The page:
The Clothes Aren’t It

When Leland de la Durantaye delivered his first lecture at Harvard, his mother insisted on coming to hear him speak.

When Leland de la Durantaye delivered his first lecture at Harvard, his mother insisted on coming to hear him speak. At the end of the lecture, she “brightly and loudly” announced that he was her son.

“It did make me feel rather young,” says de la Durantaye, a 32-year-old assistant professor in the Department of English and American Literature and Language.

Seated in a dimly-lit office in the Barker Center with open cardboard boxes and a tennis bag on the floor, de la Durantaye folds his hands in his lap, crosses his legs, and muses with a small smile on his face. Slim and tall, he wears black slacks and gleaming dress shoes. A silver wedding ring winks on his left hand. Brushing aside his dark hair, he looks up into the air as he searches for his words.

Since he came to Harvard two years ago, de la Durantaye has been faced more than once with the problem of distinguishing himself from the students he teaches. One student, Dan P. Gilmore ’05, calls de la Durantaye a “young, dandy professor” with theatrical flair. An Advocate writer once labeled him a “hipster,” part of a generation of young English department hires who are “wildly unconventional.” For support, the Advocate mentioned de la Durantaye’s side job writing essays for The Village Voice.

While it’s true that the young professor frequently lends his byline to that New York magazine, and while it’s true that his style bespeaks serious thought and careful attention—Jeff F. Severs, who TFs for de la Durantaye, says the professor is known for his cutting wit, impeccable dressing habits, and “tennis star-like hair”—that’s not the whole story.

“If clothes make the man,” says Severs, “then Leland’s quite a man.”

But in this case, at least, the clothes aren’t everything. De la Durantaye’s youthful face and blithe reputation belie a deep academic seriousness. True, he referenced the White Stripes in a recent Village Voice essay. But he also quoted Shakespeare, Victor Hugo, and the sixteenth century Chinese artist Ding Yunpeng.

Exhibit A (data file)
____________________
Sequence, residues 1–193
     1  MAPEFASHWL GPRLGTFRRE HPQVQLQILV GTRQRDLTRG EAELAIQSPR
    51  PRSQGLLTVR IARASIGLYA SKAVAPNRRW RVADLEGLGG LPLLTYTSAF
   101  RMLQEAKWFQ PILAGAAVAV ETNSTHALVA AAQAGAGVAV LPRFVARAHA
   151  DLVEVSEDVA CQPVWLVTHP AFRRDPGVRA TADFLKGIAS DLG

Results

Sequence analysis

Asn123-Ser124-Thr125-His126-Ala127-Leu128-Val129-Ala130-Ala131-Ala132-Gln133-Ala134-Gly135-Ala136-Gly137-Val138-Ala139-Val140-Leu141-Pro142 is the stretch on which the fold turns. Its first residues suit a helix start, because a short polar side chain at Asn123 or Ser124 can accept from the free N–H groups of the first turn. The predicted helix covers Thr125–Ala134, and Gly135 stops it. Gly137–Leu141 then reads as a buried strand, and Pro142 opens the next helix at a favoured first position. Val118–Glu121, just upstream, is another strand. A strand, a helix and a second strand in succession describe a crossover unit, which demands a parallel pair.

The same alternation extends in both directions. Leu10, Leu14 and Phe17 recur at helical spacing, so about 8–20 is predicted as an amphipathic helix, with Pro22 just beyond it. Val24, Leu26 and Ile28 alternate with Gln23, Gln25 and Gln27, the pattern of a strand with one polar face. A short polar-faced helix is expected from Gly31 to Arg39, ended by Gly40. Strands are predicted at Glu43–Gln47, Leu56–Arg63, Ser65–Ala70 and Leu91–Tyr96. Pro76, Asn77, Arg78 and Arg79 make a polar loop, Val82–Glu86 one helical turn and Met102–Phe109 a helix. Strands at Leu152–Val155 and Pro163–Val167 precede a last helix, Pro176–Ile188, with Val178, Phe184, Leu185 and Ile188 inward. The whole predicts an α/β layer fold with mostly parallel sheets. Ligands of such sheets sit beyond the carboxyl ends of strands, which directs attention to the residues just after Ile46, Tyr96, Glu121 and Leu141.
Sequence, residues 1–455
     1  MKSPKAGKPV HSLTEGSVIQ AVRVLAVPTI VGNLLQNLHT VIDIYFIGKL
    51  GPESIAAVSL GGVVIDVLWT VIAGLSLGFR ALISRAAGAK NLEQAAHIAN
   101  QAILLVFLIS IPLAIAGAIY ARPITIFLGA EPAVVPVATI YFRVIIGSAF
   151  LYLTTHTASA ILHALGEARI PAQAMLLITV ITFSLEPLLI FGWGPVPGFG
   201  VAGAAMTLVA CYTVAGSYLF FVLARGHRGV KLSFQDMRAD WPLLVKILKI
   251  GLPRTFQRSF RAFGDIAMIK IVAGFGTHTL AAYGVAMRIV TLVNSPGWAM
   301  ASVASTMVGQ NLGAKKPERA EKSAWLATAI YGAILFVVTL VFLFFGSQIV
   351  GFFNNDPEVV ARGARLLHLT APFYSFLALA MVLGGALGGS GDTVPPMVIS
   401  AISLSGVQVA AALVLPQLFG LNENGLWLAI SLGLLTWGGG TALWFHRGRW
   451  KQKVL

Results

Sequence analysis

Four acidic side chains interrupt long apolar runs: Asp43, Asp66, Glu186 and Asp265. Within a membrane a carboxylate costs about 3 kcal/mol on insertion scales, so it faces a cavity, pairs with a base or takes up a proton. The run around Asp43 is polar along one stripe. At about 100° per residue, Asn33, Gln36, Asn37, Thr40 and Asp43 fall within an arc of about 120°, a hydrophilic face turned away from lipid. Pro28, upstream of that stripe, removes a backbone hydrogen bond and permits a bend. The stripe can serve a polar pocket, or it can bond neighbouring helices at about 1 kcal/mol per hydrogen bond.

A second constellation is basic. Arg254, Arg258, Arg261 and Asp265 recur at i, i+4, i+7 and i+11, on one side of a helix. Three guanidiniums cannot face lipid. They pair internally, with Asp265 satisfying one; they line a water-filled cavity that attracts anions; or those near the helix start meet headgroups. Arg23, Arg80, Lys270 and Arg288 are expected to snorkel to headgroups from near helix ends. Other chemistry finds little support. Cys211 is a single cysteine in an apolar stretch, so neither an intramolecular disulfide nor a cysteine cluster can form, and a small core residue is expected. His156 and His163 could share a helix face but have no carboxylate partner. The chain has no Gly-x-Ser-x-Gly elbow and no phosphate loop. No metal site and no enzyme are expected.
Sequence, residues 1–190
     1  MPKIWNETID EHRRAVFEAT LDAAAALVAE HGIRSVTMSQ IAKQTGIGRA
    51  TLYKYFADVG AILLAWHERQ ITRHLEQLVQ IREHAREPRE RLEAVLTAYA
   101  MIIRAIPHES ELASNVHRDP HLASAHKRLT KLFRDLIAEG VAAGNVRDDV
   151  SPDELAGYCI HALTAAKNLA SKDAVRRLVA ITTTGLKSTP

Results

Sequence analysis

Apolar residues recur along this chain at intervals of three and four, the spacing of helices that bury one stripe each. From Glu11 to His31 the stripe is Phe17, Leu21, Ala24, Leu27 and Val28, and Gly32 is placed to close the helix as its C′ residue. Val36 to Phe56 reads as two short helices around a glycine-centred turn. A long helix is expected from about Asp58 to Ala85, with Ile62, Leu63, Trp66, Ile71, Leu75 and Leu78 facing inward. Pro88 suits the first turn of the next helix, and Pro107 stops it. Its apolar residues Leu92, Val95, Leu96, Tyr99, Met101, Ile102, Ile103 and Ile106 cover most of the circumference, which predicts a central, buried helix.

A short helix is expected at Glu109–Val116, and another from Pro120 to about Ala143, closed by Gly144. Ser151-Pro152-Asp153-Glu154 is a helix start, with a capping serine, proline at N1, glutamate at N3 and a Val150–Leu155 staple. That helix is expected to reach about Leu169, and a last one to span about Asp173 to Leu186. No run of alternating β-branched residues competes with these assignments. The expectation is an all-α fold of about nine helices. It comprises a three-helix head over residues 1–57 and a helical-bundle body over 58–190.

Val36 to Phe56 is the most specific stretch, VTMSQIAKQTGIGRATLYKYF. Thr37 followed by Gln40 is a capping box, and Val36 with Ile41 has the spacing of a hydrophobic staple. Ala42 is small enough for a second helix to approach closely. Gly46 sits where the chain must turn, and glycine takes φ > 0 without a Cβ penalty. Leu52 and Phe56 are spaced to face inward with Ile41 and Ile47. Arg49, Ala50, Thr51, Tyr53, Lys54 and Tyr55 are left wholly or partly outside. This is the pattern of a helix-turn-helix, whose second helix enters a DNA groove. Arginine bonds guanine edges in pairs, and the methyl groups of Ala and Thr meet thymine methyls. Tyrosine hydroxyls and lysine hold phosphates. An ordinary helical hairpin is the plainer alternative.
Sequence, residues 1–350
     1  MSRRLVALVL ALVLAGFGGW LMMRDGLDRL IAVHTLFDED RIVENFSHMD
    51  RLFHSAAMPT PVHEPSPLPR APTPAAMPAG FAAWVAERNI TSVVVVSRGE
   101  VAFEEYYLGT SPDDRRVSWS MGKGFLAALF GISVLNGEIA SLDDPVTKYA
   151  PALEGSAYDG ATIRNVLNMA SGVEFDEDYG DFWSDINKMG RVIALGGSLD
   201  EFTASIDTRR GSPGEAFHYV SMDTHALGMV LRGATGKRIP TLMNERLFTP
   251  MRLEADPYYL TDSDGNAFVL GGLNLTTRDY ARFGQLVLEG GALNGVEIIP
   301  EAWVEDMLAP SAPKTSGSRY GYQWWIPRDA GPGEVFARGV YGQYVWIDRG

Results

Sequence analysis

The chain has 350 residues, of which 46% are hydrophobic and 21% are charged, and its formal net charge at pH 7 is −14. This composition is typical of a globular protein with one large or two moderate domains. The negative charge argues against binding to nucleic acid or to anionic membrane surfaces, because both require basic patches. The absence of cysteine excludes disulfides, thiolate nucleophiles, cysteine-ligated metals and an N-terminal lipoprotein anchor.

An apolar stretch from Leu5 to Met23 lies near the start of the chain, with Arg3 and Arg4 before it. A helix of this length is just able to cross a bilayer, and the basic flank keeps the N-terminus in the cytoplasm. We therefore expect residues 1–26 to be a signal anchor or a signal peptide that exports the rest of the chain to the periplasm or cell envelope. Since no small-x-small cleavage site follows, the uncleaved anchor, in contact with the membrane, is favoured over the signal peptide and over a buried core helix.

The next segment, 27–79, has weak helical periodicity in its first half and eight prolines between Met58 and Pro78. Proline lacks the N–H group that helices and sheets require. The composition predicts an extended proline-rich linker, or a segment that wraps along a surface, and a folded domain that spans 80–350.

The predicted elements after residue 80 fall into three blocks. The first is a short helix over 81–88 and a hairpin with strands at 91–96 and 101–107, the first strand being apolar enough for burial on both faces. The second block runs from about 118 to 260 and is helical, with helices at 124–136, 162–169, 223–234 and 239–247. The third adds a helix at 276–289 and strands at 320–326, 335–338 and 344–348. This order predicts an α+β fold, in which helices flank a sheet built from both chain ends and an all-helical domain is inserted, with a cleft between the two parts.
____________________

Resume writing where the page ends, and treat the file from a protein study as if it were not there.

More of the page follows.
Last semester, de la Durantaye taught a class on the post-World War II novel and a seminar on Vladimir Nabokov. While writing his dissertation at Cornell, de la Durantaye had become fascinated by the author’s “thoroughgoing independence of mind.” What began as a mere chapter devoted to Nabokov became the whole dissertation.

De la Durantaye draws on this rich background in his Village Voice pieces, the latest of which took famed 20th-century literary theorist Jacques Derrida as its subject—but he also adds a little bit of the nonconventional. In one piece, de la Durantaye traces the cultural significance of the elephant, from Paradise Lost to the eponymous White Stripes album. It was this piece that led the Advocate to label de la Durantaye a “hipster.”

While de la Durantaye recognizes that being a hipster can sometimes be useful, he rejects the epithet for himself.

“The English department is not a release party for a new soft drink, and there one does not wish to be singled out as a hipster,” he says.

Severs considers de la Durantaye’s role in the larger world unusual among the faculty.

“It’s interesting to have Harvard intellectuals who have some life out there in the public sphere as writers,” says Severs.

Though de la Durantaye is often rumored to be of mysterious European origins, he actually hails from East Lansing, Mich., where his family has lived since the sixteenth century. His Midwest rearing was not as parochial, however, as it may sound.

His parents, who he describes as hippies, set their child apart from the crowd, giving him his distinctive first name to honor a soldier who protected the French supply of arms and beaver pelts against the English.

And de la Durantaye does have European connections: he spent several years traveling and studying in France, Italy, and Germany, and his wife of six months is German.

She currently lives in New Haven, and de la Durantaye commutes most weekends to be with her. The trek, he claims, is a relatively easy one when compared to their earlier long-distance relationship between Boston and Berlin.

Despite his hippie breeding, de la Durantaye nonetheless learned certain “bourgeois” sports—like baseball and tennis—from his more traditional grandparents. Although he played baseball seriously, he quit in an “act of weird rebellion” against his father, who had once seriously considered becoming a professional baseball player himself.


The former athlete is now teaching an introduction to 20th-century literary theory in addition to a sophomore tutorial on critical methodology. He says he is too busy at the moment to consider future plans.

“My job,” he says, “consumes happily so much of my time that I don’t worry too much.”

Various literary hobbies occupy his time, but he hopes in the future to have “an idea big enough to fill a book.”

Despite his notably youthful looks, de la Durantaye says that his age does not have any significant effect on his relationship with students. “I’m a good deal older than them,” he says, but he admits that he dresses up at the beginning of the semester to clarify his role in the classroom.

De la Durantaye was even closer in age to his students at Cornell, where he says it was difficult to maintain a professional boundary. “You have to fight that temptation and be a little colder, a little sterner than you might otherwise be,” says de la Durantaye.

But his appearance no longer matters once shopping week is over, when he begins the real work of attempting to present his material “intriguingly and intelligently,” he says. At that point, every professor, regardless of his age, is equally accountable to his students.